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Chevrolet's Landmark Volt Reaches the End of Its Road

Chevrolet quietly ended production of its "halo" electric vehicle. The Chevrolet Volt symbolized General Motors' progress in the EV market.


The Chevrolet Volt electrified the industry when it debuted as a concept car during the 2007 North American International Auto Show, in Detroit. The Volt was described as the future of the auto industry. It would revolutionize how automakers viewed electric vehicles. The 2019 Chevrolet Volt quietly ended production on February 15th, 2019, with no fanfare
Volt Plant Slated to Close

General Motors’ CEO announced late last year that the Detroit-Hamtramck plant where the Volt was built would be one of the five plants in North America to be unallocated. The D-Ham plant was originally supposed to stop production as of June 1, 2019.

General Motors has given the Detroit-Hamtramck plant a seven-month reprieve, saying it will now continue production of the Cadillac CT6 and the Chevrolet Impala at the plant until January of 2020. Depending on what happens with UAW negotiations, the company may still work out some sort of deal that would keep vehicle production at the D-Ham plant past January of 2020, but it appears production of the ground-breaking Volt is over.

Spark of Inspiration

I was there, in 2007, as General Motors’ Chairman and CEO Rick Waggoner and Vice-Chairman Bob Lutz described how the revolutionary car would work. They explained that the new vehicle would run first on battery power and when it ran low, the vehicle would switch over to a small gasoline-powered engine. They said the new hybrid system would eliminate a buyer’s “range anxiety”.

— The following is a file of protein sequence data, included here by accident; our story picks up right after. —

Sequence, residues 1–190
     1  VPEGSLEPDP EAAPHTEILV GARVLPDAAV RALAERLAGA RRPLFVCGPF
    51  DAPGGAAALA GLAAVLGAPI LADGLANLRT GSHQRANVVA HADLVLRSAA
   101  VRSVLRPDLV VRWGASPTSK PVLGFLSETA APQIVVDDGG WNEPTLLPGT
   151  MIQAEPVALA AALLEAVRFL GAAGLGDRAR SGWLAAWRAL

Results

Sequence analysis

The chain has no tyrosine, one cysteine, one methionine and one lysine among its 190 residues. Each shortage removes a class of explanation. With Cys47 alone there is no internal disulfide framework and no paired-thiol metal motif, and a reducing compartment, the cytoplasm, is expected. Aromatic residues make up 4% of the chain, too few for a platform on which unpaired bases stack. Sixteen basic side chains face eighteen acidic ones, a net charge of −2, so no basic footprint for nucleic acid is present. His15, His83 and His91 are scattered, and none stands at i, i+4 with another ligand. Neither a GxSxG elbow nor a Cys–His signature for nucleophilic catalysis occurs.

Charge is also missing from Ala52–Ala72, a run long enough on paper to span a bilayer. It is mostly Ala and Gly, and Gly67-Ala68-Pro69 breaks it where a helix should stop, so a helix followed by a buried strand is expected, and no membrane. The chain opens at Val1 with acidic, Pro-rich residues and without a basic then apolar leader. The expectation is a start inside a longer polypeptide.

Customers finally started receiving their 2011 Chevrolet Volts in late 2010. The first versions could travel approximately 35 miles on the lithium-ion battery pack and then approximately 300 miles more on the four-cylinder gasoline engine. Later versions got further range on the battery packs as the technology progressed.

Victim of Progress

The Chevrolet Volt seem to have been overtaken by the all-electric Chevrolet Bolt. The Bolt is more affordable and has an all-electric range of 238 miles. Customers who are driven to join the electric car revolution seemed to prefer the Bolt. The Chevrolet Volt with its modest electric-only range saw its sales soften after the Bolt’s introduction.

Still it is somewhat sad to see such a landmark vehicle as the Chevrolet Volt fade away. The Volt proved that Chevrolet could produce a game-changer and create an all-new vehicle. The Chevrolet Volt provided a spark of innovation and inspiration during General Motors’ bankruptcy. It provided desperately-needed hope for the future, and that will be its legacy.


HotPotato (not verified)    February 26, 2019 - 10:51PM

The Volt never had a "20-30 mile" electric range. The earliest models were rated for 35 miles, then 38, and ultimately 53 miles for the 2016-on Gen 2 models.